Access to the latest research can help ASHA members provide children or adults with dysphagia personalized care to prevent malnutrition, dehydration, pneumonia, and other serious conditions. In recognition of Dysphagia Awareness Month, we’re highlighting popular and trending new articles addressing the management of swallowing disorders in people of all ages.

Intervention and Management of Feeding and Swallowing Disorders

Alterations and Preservations: Practices and Perspectives of Speech-Language Pathologists Regarding the Intervention of Thickened Liquids for Swallowing Problems: Although thickened liquids have long been used to help people with dysphagia drink safely, recent research highlights limited evidence for this method—and unintended consequences. Learn about how clinicians around the world are incorporating this new evidence in their treatment plans for people with dysphagia.

What Plays a Role in Perceived Confidence for Managing Pediatric Feeding Disorders in the Public School: School-based speech-language pathologists (SLPs) are tasked with managing pediatric feeding disorders, but this often requires specialized skills and knowledge in which they may not feel confident. The findings from this study show that SLPs feel more comfortable managing pediatric feeding disorders through graduate courses, post-professional education, and support from their administrators.

Tools Used in Swallowing Assessment

Reference Values for Videofluoroscopic Measures of Swallowing: An Update: SLPs who work with people with swallowing difficulties need to have reliable and evidence-based reference values for all patients in a variety of conditions when performing videofluoroscopic measures of swallowing. Researchers worked to provide reference tables by consistency for adults of all ages.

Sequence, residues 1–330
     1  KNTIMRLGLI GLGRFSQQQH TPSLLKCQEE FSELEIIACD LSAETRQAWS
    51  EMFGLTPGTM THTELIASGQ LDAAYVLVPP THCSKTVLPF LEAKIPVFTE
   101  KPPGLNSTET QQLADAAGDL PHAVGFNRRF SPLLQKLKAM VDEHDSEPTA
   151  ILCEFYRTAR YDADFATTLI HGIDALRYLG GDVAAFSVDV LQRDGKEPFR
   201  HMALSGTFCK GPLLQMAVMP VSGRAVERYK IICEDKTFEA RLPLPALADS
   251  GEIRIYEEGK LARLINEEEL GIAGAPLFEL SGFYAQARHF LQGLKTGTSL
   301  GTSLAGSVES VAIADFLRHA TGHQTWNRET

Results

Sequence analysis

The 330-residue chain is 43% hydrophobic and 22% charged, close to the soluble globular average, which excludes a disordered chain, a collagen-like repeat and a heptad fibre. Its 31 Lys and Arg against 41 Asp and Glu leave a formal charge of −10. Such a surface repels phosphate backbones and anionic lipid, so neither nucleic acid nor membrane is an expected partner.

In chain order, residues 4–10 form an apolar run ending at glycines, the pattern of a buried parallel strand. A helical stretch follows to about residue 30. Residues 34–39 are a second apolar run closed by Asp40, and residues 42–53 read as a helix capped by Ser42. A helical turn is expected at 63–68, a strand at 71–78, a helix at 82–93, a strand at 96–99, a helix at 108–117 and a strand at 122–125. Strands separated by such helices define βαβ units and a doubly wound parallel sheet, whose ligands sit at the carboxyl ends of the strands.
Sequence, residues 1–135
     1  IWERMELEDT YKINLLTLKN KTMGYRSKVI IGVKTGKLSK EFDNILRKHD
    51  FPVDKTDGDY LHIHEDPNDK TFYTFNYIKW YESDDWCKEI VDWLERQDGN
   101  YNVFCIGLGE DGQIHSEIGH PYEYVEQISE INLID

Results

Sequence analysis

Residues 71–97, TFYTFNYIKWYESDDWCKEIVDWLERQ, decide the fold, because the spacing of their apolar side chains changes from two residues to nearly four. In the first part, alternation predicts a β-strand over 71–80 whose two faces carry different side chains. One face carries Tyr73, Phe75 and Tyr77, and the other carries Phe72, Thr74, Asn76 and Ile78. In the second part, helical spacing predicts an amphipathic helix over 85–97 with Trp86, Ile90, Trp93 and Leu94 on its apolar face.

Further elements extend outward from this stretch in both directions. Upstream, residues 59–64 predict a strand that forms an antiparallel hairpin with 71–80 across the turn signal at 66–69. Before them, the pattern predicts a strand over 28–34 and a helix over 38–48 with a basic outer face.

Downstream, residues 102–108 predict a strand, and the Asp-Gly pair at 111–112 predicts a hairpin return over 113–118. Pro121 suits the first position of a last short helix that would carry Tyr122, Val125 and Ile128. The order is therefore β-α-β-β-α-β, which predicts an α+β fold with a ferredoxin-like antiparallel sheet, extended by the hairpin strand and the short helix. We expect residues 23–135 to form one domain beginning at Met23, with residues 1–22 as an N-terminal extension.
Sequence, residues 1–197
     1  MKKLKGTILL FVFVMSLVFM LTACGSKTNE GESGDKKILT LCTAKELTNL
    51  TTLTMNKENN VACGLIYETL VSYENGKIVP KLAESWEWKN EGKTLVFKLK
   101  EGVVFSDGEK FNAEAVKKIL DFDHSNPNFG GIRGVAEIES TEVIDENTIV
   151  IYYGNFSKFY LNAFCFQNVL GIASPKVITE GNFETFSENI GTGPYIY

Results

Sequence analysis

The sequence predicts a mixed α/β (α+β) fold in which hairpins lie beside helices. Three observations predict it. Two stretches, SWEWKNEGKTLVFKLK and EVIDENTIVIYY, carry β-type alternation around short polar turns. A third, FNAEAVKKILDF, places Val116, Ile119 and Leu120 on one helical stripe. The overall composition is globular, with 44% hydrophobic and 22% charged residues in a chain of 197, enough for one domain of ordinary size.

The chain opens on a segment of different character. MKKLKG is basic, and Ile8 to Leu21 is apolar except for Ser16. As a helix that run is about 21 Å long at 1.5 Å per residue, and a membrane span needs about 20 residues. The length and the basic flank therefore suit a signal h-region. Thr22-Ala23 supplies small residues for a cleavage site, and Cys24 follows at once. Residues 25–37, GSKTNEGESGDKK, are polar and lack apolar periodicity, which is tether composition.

Contribution of Wireless Wi-Fi Intraoral Cameras to the Assessment of Swallowing Safety and Efficiency: Clinical swallowing evaluations can provide SLPs with a lot of information, but they’re limited in detecting penetration, aspiration, and pharyngeal residue. Here, the authors show the potential of using a wireless camera for endoscopic procedures in conjunction with a traditional swallowing evaluation.

Feeding and Swallowing in Infants

Establishing Normative Values for Healthy-Term–Infant Feeding Performance: Neonatal Eating Assessment Tool–Mixed, Oral Feeding Scale, and Early Feeding Skills Assessment: Infants with perceived feeding problems are often assessed for their feeding abilities, but there is little evidence for how infants without dysphagia perform on these same measures. By studying 30 infants without dysphagia, researchers established healthy-term–infant normative values for common feeding assessments.

Speech-Language Pathologists’ Use of Side-Lying Position in Infant Modified Barium Swallow Studies: A Qualitative Investigation: In this study, the authors surveyed clinicians performing modified barium swallow studies on infants who may have dysphagia. Although SLPs stress the importance of swallow studies replicating feeding, they inconsistently assessed infants’ swallowing when those infants were in the side-lying position that is typically used for feeding.

Even More on Dysphagia

The articles above are just a small sample of the dozens of articles published on swallowing every year in the ASHA Journals! Recent forums in LSHSS and Perspectives highlight pediatric feeding disorders in schools and devices used in pediatric dysphagia.

We hope that these articles can help you better serve people with swallowing disorders of all ages in your daily work. During Dysphagia Awareness Month, and all year long, the ASHA Journals recognize the importance of the work that you do!